“Out-loud reading is very different from the classroom. I took a 17-year-old-student to the annual poetry reading at the Hill House in Mendocino. I realized that this was the most important person in the room, especially when one of the presenters mentioned that ‘it was so nice to see people under the age of 100 here.’”
“Listening to kids when they read- they’re more raw, more emotionally honest. Adults can be more clever. They couch their emotions and truths in other ways. But way before they’re clever, kids are honest,” says Barth.
Riedel notes that young people regularly post poetry on Instagram and other social media sites, but all three note that reading one’s work in a live setting is a true test of one’s mettle and an excellent way to road-test unfinished work.
“Being part of monthly Writers Read creates a place where there’s pressure- humans face-to-face with one another,” says Reidel. He turns to Brint and Barth. “For a long time, I wrote in my notebooks. You guys were in the room when I read for the first time.”
“I’ll often read something that I’m working on. You don’t receive direct feedback, but you’re completing the process,” says Barth.
“When you’re the reader and you hear the poem, it’s a great way to modify. You can hear the rhythm and the language. Reading out loud is the best way to edit and get feedback,” says Brint.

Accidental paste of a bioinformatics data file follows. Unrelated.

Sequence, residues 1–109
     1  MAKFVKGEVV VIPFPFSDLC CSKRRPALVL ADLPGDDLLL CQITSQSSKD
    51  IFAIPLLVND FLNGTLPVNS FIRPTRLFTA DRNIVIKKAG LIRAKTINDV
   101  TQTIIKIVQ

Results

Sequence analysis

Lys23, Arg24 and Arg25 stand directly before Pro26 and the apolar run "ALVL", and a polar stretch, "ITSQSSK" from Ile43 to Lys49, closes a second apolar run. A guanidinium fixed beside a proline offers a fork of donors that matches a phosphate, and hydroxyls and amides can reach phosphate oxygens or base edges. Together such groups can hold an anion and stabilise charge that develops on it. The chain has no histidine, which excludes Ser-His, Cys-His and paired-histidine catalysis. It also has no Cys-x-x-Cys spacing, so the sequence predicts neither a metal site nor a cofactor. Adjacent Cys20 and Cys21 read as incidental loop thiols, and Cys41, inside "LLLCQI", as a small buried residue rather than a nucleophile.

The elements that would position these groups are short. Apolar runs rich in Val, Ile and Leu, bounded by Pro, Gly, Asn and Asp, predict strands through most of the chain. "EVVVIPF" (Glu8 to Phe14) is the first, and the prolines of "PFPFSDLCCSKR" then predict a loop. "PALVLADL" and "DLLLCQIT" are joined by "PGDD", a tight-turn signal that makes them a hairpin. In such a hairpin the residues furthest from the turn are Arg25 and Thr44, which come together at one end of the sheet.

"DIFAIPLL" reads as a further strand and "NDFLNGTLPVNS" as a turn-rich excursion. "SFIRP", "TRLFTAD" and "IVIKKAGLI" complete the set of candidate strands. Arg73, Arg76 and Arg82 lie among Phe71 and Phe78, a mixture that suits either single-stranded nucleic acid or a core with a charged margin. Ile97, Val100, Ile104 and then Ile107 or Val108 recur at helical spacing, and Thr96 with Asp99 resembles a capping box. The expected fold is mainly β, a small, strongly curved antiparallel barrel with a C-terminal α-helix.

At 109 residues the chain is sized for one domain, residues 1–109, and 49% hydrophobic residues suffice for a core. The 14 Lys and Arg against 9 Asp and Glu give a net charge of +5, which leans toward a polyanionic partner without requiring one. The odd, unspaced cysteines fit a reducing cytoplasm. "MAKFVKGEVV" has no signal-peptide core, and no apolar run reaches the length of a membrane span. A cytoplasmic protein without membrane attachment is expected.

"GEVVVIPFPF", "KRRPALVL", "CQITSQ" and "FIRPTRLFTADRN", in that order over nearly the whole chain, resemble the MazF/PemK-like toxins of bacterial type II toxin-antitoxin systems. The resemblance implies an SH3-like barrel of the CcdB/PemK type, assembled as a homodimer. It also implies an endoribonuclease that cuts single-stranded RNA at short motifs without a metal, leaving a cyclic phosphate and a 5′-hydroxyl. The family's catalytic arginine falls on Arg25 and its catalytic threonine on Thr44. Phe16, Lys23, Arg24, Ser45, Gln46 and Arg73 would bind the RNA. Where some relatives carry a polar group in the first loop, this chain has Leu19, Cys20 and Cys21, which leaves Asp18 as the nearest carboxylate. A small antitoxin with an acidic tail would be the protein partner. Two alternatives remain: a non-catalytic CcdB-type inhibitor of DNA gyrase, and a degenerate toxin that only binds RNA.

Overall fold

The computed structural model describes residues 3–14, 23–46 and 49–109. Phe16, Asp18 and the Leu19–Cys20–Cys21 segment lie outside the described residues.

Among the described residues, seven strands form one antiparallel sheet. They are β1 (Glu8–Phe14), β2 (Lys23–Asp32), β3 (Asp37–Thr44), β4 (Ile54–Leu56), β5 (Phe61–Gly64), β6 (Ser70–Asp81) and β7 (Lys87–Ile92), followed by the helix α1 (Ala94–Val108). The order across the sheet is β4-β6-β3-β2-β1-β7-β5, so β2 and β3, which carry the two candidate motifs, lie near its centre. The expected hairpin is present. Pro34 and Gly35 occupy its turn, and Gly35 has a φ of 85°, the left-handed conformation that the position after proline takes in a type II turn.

“And from there, you realize that your poetry doesn’t need to be published in a book. It needs to be presented to other people. You get this feeling: now it’s finally done- done because I’ve shared it.”
“Maybe the online space is good for people, because poets tend to be introverted,” Brint smiles.
“Kids may have that feeling online, but I’m not sure they know the difference between that and the real thing. Writing is a solitary undertaking. Reading is flesh and blood- human beings in that room,” says Reidel.
“Poets have the most in common with standup comedians- sometimes,” smiles Brint.
Brint’s latest book, which he will be reading from at the upcoming event is a reflection on going to the Redwood Empire Fair. “In a small town that is somewhat conventional, you can observe so many interesting people and juxtapositions at the fair,” he explains.
Barth’s latest book is entitled, “At the Corner of Vigor and Wisdom- New and Used Poems.” All three poets, and other local poets are featured in “Deep Valley, Poets Laureate of Ukiah, 2001-2018,” which was edited my Michael Reidel.
Writers Read events are held on the last Thursday of the month in the public room at the Grace Hudson Museum. The event begins at 7:00. To be added to the Writers Read email lists, send a message to firstname.lastname@example.org email@example.com, or visit the museum’s Facebook page for the latest information.